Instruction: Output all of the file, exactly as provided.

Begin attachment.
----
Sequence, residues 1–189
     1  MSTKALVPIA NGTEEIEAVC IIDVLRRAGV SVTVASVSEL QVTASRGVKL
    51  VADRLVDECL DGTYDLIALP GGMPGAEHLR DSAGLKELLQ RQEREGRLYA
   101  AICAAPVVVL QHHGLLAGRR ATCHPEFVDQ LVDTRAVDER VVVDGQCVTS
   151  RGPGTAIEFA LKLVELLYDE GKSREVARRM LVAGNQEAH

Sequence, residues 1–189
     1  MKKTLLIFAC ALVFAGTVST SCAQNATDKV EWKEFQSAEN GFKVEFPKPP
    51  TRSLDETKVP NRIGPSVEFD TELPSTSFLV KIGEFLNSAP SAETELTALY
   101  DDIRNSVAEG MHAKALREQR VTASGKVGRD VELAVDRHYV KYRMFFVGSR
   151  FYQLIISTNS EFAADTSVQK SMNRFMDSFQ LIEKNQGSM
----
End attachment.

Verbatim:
Sequence, residues 1–189
     1  MSTKALVPIA NGTEEIEAVC IIDVLRRAGV SVTVASVSEL QVTASRGVKL
    51  VADRLVDECL DGTYDLIALP GGMPGAEHLR DSAGLKELLQ RQEREGRLYA
   101  AICAAPVVVL QHHGLLAGRR ATCHPEFVDQ LVDTRAVDER VVVDGQCVTS
   151  RGPGTAIEFA LKLVELLYDE GKSREVARRM LVAGNQEAH

Sequence, residues 1–189
     1  MKKTLLIFAC ALVFAGTVST SCAQNATDKV EWKEFQSAEN GFKVEFPKPP
    51  TRSLDETKVP NRIGPSVEFD TELPSTSFLV KIGEFLNSAP SAETELTALY
   101  DDIRNSVAEG MHAKALREQR VTASGKVGRD VELAVDRHYV KYRMFFVGSR
   151  FYQLIISTNS EFAADTSVQK SMNRFMDSFQ LIEKNQGSM